While we at Old Mill Road BioFarm may have a reputation as market gardeners primarily, growing vegetables is just the beginning when it comes to our farm plan. As well as having livestock components to our whole farm enterprise, for some time I have been wanting to integrate some type of forestry. Our bio-region naturally grows big timber trees quite well all on its own and the added benefits of windbreaks, livestock fodder and shelter, bio-diversity, root penetration, bee forage, added organic matter from leaf drop, a perpetual firewood supply all with the secondary purpose of millable timber, it’s a wonder more farmers haven’t planted more trees into their system. Thinking I’m probably missing something, I went to Millpost Farm near Bungendore to hear of farmer David Watson’s experience with trees and to seek some practical knowledge from forester Rowan Reid at a workshop conducted by Local Land Services.
Millpost Farm is a 2700 acre farm with now 3 generations of family living on and from it. It is a commercial wool enterprise which came under the management of David Watson in 1979. After the usual advice that farming wasn’t going to make him any money, David figured he’d try a different way, went and did one of the first permaculture courses with Bill Mollison, met Judith who was to become his wife and set about re-designing their property. As you can imagine, implementing a design over 2700 acres is not a weekend job. When David first came to Millpost there were 8 very big paddocks. The re-design, which ended up receiving assistance from David Holmgren, turned it into 100 paddocks. Since starting the implementation of the design, David and his family are at 60 paddocks which means they’re over halfway. What struck me about David is his quiet and very calm demeanour. Here’s a bloke who is happy to take a lifetime to do the job. Two points which resonated with me was that David said he was committed to the landscape he had taken responsibility for and in the time of his occupancy he has a great opportunity to go along with that responsibility. The second point was that he found an improving farm great for his own morale. It was exciting for him and Judith to notice improvements in the ecological system which is starting to flow through to their income. When he sees farms that are feeding hay to poor livestock among dusty fields, he wonders what that does for a farmer’s spirit.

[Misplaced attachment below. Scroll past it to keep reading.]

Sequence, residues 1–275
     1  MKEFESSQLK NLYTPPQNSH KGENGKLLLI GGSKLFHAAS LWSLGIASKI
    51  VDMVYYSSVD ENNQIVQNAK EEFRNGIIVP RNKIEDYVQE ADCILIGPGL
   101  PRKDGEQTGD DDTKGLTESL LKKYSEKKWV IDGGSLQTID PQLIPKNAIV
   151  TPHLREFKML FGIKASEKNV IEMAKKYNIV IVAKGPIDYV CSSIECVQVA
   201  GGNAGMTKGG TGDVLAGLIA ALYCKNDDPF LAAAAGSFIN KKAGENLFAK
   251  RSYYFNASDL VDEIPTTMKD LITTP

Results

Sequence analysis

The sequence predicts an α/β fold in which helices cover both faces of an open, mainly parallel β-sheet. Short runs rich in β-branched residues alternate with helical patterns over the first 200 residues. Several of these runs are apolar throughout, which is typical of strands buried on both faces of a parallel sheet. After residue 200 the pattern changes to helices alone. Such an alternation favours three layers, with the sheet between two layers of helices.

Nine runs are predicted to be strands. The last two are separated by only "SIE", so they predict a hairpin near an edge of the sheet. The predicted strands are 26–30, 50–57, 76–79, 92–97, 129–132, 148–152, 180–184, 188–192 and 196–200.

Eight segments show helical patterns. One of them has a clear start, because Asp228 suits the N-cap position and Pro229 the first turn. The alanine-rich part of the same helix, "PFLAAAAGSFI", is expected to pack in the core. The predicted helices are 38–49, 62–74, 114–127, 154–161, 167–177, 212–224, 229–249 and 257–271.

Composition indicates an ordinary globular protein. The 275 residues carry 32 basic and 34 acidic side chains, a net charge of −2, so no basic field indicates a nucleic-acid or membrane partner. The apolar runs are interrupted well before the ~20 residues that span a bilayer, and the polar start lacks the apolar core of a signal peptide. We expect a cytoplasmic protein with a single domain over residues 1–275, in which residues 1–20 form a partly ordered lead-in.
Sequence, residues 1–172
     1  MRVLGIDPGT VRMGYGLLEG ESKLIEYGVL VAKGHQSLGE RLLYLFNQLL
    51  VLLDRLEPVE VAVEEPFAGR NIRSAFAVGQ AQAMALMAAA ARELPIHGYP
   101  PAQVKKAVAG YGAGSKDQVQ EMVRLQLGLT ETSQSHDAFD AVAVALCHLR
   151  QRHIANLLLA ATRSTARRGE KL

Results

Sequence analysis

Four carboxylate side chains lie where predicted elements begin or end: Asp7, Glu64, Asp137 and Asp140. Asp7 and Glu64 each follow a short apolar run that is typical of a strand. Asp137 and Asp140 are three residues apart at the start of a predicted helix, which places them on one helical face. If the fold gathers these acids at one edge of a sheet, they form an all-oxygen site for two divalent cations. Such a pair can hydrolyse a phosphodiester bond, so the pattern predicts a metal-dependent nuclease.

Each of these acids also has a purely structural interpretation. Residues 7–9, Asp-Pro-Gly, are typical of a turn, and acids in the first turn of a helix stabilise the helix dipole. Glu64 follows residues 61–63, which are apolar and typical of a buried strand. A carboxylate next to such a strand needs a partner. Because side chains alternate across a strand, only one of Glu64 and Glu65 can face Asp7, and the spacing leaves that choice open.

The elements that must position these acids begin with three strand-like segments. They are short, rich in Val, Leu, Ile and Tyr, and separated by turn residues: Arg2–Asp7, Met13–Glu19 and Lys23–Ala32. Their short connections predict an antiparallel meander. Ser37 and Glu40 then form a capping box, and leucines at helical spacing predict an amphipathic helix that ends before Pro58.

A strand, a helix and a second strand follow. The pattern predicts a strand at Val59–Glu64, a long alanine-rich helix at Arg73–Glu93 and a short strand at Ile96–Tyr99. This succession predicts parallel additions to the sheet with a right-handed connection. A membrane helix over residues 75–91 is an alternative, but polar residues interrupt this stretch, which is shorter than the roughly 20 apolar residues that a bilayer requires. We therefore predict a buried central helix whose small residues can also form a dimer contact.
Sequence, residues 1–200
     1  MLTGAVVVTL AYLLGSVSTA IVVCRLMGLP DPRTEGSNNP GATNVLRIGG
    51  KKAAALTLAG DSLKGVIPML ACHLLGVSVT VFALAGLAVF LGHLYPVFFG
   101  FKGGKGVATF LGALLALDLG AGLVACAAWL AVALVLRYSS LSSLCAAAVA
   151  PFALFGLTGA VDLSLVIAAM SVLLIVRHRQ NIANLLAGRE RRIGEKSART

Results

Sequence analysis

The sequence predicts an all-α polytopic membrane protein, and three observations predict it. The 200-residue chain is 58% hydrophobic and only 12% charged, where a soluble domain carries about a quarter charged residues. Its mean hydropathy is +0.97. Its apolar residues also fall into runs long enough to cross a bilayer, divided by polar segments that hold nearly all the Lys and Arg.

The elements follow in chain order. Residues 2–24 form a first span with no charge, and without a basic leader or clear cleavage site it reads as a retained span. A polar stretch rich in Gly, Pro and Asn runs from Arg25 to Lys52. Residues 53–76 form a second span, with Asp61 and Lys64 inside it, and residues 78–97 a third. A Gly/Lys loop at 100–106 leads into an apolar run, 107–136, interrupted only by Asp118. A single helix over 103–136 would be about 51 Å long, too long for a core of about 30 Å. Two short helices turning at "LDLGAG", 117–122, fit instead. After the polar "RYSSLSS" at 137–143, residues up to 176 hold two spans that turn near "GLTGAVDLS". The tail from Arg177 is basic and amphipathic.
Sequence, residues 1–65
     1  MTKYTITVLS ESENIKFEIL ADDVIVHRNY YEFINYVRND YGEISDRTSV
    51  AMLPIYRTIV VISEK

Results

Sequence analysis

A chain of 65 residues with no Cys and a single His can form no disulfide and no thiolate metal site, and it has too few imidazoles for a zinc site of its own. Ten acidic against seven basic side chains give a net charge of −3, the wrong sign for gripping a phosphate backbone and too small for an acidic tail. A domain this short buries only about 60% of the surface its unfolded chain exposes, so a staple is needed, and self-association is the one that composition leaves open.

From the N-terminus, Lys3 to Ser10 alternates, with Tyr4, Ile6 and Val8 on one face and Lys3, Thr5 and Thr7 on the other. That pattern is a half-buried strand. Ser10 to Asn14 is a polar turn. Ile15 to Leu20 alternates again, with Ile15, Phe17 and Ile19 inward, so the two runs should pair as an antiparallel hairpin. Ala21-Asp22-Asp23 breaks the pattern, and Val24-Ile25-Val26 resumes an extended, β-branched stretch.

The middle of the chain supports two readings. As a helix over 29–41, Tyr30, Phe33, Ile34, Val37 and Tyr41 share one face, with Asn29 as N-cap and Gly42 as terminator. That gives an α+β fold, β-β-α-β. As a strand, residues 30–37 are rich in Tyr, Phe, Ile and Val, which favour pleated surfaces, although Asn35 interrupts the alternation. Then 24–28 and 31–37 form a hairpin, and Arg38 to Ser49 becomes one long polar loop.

Next, Rowan Reid told us bit about the art and science of growing trees for conservation and profit. He calls this the Third Wave in his book “Heartwood”, which I can highly recommend to anyone be you wood worker, farmer, timber cutter, take an interest in local production and ecology or just enjoy trees. We then went on a farm walk and here are my notes, which I hope you might find interesting enough to pursue:
And finally we talked about tree species that can influence soil chemistry and prevent erosion in sodic subsoils. It’s fascinating stuff and it takes up four full pages in the book, so too long to go into here but experiments on Rowan’s own farm with Sequoia have had remarkable results, along with providing a great timber and habitat for Southern Boobooks.
I had an interesting day, a great lunch on par with a SAGE meal and all from the farm. I learnt a fair bit and was very happy to meet David Watson and see their farm.
The SAGE garden is moving into hibernatory mode. At least, much of the greenery of the last few weeks has served its time, the produce has been harvested and sold. Yet it has more time to serve for it will now help with restoring the soil for the next intern. The corn that two weeks ago stood tall and proud (with an Apple of Peru towering above it) has been razed to the ground. It lies there waiting to be ploughed in thereby helping to rejuvenate the soil. ...
Sitting down in the garden to write my little piece on being the 5th intern while overlooking the growing green manure. Thankfully, this year Trevor Moore wrote a fortnightly blog on what I had done in the 17/18 growing season…